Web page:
1. Cindy says:

    Thanks for this. I was caught in an abusive marriage for a really long time. My church said I couldn’t leave him because I had promised to honor him till I died. Funny, he never honored me. I finally had to leave that church. I wish I had done it years before.

  2. I’m sorry you had to experience this Cindy. Unfortunately, what happened to you isn’t rare. God isn’t honored when abuse is allowed to continue in the church. I am thankful that you finally got out. May the Lord bless you!

    Caroline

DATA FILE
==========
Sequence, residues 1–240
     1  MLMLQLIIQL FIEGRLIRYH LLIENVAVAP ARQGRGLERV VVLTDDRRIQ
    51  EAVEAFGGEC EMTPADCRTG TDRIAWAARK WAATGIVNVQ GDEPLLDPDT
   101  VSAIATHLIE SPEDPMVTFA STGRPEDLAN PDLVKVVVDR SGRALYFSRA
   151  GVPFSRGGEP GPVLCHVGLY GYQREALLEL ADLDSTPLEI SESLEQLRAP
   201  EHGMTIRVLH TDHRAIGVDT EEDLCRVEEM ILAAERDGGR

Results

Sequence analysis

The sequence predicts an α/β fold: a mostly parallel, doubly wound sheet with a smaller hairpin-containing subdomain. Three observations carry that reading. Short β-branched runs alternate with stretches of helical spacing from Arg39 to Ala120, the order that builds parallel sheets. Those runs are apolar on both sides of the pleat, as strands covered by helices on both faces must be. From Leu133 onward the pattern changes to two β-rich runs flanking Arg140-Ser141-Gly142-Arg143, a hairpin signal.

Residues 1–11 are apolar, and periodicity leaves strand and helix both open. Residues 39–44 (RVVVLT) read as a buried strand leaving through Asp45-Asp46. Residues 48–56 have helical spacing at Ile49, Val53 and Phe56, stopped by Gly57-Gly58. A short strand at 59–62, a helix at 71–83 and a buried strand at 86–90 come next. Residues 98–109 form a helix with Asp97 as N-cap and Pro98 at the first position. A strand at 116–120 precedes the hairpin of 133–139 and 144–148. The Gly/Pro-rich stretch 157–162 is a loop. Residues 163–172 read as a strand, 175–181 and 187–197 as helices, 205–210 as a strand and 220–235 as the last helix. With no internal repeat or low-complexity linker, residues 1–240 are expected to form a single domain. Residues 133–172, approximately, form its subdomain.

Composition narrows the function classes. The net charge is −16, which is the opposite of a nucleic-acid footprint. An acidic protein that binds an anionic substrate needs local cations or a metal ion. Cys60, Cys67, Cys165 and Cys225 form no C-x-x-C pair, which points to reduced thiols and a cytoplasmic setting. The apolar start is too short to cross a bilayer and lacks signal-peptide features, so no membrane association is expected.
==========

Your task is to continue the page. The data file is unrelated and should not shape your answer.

3. I’m a pastor’s daughter who experienced much pain in my life that nobody except God & one of my best childhood friends knew about named Judi. I wrote extensively in my book, Listen to the Cry of the Child about the incest at the hands of a maternal grandfather from age 2-8 & clergy sexual assault by a 27 year old youth pastor at a Bible camp when I was 11-12. There seems nothing I could do or no one I could tell, not even my mother who as an adult I realized that she must have experienced sexual abuse by her dad as well because my female cousins had told me he did it to them too. So did their dad, my uncle who I avoided. This set up the stage for a marriage that I thought was perfect. Since being violated by men it was very difficult for me to trust them except for my daddy & my husband. But when he cheated on me & the rug was pulled out from underneath my feet it was all I could do but continue to isolate myself as I had done for years. I read this article with interest & can relate to the church being abusive when they learn of your secrets & don’t know how to help you. God began to restore my soul & my marriage after I began to face my past & begin to understand all that happened to me & grieve what was lost. I faced, confronted & chose to forgive the elderly former youth pastor with the support of the Christian & Missionary ALliance denomination from my childhood. They set up a Committee of Discipline for him & Restoration for me & 3 other pastor’s daughter’s who had experienced sexual assault at the same camp. You may find my book, Listen to the Cry of the Child very helpful to those who have experienced any kind of trauma & understand how God can bring “beauty out of ashes & a garment of praise instead of a spirit of despair.” Isa. 61:3 I facilitate a faith based support group helping those who are unable to help themselves climb out of the pit of despair & find restoration & healiang with awareness, answers & scriptures. I am proactive with a passion & God given purpose as a warrior speaking all over the world as a humanitarian aid worker including on the Dr Oz Show. http://www.listentothecry.org